My copy
has been used so much it has a broken binder, which makes every section lighter, easier for scanning.

For its time, and for a few decades later
Vertebrate Paleontology and Evolution was the ‘go-to’ textbook for students and artists of this science. (See below).

A few quotes from the Amazon.com website:

  1. “This book was my textbook for Vertebrate Paleontology and Evolution at the University of Rochester back in 1992.”
  2. “the only easily available work that goes to any depth on this intensely interesting subject.”
  3. “The book is very daunting to look at if you just flip through it. However, it does a nice job of introducing concepts and terms to the reader. Its organization is straightforward, starting with the simplest vertebrates and eventually finishing with mammals.:
  4. “Just realize that some of the information may not reflect our current understanding since the book is over 10 years old and many new finds have come to light, new ideas have been introduced, and old ideas reexamined.”
  5. “It’s an essential for anyone building a library of paleo textbooks.”
  6. “I’m a working fossil preparator and this is the primary reference text used in paleontology labs at the American Museum of Natural History, Yale Peabody Museum and others I’m sure.”
  7. “I had Romer’s Vertebrate Paleontology, which is an excellent book, until a paleontologist friend directed me to Carroll’s book. He acknowledges Romer’s work in the field but this is an updated version (for the time of publication).”
  8. “If you want to chart the course of evolution up to the present – read this book!”

Carroll 1988 updated
Romer’s Vertebrate Paleontology  (1933, 1945, 1966) which was the ‘go-to’ textbook of its day.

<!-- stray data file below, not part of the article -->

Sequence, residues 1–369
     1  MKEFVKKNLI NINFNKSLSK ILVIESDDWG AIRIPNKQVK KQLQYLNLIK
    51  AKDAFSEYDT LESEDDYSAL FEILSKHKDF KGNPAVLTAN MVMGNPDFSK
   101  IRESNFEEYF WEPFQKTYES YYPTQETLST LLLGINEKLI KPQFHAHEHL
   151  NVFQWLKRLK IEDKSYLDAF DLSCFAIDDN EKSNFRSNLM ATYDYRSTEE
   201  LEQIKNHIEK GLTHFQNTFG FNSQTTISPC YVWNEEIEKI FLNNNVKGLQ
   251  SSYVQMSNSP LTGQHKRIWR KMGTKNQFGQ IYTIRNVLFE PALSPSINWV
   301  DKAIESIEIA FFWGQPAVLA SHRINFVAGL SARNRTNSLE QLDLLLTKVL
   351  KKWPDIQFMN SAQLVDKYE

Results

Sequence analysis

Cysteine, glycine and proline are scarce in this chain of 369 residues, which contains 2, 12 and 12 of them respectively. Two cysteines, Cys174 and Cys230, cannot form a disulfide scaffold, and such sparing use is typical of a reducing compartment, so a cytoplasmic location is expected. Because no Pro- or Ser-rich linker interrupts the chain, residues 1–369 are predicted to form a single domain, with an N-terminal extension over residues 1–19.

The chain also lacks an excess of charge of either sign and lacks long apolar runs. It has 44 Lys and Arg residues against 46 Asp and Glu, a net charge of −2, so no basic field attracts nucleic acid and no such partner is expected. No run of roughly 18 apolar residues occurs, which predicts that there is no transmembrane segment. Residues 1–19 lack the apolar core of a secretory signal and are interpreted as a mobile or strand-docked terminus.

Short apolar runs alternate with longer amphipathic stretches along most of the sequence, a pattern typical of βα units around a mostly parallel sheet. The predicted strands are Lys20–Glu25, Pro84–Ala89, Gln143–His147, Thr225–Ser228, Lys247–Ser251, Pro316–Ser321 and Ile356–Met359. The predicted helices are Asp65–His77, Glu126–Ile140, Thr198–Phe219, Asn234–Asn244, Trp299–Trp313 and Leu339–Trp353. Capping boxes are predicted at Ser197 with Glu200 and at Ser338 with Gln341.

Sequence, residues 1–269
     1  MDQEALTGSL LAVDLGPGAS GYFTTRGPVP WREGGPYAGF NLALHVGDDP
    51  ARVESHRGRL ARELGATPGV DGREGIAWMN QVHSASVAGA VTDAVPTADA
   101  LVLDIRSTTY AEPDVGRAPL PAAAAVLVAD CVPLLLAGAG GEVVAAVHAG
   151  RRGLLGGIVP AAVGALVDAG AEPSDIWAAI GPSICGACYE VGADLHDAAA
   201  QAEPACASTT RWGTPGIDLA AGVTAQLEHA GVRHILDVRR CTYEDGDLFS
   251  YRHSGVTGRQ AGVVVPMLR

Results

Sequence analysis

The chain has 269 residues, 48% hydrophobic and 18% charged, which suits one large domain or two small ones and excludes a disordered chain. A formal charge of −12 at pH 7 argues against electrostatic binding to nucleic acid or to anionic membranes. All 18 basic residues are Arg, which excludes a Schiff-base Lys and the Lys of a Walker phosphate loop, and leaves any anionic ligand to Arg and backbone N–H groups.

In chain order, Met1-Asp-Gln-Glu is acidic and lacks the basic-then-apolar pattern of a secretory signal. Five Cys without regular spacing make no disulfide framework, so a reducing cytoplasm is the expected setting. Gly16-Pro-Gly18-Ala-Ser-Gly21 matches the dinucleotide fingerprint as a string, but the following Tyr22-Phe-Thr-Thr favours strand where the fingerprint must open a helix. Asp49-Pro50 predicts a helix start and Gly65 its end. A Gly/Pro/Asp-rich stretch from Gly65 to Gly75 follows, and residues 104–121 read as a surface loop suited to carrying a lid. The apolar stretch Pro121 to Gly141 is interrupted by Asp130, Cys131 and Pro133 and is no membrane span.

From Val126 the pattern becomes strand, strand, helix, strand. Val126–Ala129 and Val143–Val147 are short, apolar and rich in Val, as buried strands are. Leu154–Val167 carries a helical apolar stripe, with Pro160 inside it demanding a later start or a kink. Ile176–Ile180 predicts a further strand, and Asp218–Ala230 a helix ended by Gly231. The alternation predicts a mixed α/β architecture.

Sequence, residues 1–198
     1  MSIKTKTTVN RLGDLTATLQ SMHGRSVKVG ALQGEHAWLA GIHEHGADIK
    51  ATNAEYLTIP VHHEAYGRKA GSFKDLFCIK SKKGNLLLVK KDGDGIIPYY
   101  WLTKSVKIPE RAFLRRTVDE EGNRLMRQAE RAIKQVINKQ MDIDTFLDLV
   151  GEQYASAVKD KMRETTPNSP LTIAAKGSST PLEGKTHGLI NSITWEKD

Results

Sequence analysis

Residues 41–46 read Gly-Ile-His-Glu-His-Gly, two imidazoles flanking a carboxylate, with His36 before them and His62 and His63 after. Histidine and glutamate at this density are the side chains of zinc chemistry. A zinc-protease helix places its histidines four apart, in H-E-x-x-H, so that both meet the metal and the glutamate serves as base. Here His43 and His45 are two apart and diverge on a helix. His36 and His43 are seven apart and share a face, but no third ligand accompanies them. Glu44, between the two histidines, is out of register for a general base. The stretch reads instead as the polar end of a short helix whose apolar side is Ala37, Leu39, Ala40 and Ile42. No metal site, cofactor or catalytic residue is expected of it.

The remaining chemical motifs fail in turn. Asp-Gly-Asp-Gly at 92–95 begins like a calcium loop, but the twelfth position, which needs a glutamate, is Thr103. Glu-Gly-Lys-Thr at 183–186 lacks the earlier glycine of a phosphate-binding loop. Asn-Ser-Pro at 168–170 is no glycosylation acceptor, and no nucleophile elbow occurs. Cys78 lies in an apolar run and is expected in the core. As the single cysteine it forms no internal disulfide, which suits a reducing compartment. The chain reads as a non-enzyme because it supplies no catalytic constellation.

ReptileEvolution.com
updates portions of Carroll 1988. Likewise and in due course, someone someday may want to update ReptileEvolution.com. I hope they do so.

Every so often
it’s good to give credit to one’s mentors and resources. Sometimes you learn by doing. Other times you learn by reading. I suppose everyone who writes such a large gamut book knows he/she is doing something to help future students and enthusiasts who they will never meet. I feel the same way, butI imagine both Carroll and Romer were additionally warmed by a healthy royalty check once or twice a year.

References
Carroll RL 1988. Vertebrate Paleontology and Evolution. W. H. Freeman and Co. New York.
Romer AS 1966. Vertebrate Paleontology. University of Chicago Press, Chicago; 3rd edition

wiki/Vertebrate_Paleontology_and_Evolution

Zhenyuanlong: Dromaeosaur? No. Tyrannosaur with wings? Yes.

Lü and Brusatte 2015
described a short-armed, winged Early Cretaceous Liaoning theropod, Zhenyuanlong suni (Fig. 1, JPM-0008 Jinzhou Paleontological Museum), as a dromaeosaur. Their published phylogenetic analysis included only dromaeosaurs but their text indicates a large inclusion set.

Figure 1. Zhenyuanlong in situ with colors applied to bones and feathers. These colors are transferred to create the reconstruction in figure 3.

Figure 1. Zhenyuanlong in situ with colors applied to bones and feathers. These colors are transferred to create the reconstruction in figure 3. The pelvic elements are reconstructed at right. The manus and pes are reconstructed at left.  Scale bars are 10cm.

From the Lü and Brusatte text
“We included Zhenyuanlong in the phylogenetic dataset of Han et al., based on the earlier analysis of Turner et al, which is one of the latest versions of the Theropod Working Group dataset. This analysis includes 116 taxa (two outgroups, 114 ingroup coelurosaurs) scored for 474 active phenotypic characters. Following Han et al., characters 6, 50, and 52 in the full dataset were excluded, 50 multistates were treated as ordered, and Unenlagia was included as a single genus-level OTU. The analysis was conducted in TNT v1.142 with Allosaurus as the outgroup.”

I reconstructed this theropod,
from published photographs (Figs. 1, 2) using (DGS digital graphic segregation), added it to the large reptile tree and found that it nested between tiny Compsognathus and gigantic Tyrannosaurus rex. Of course, Zhenyuanlong had the opportunity to nest with several dromaeosaurs, but it did not do so.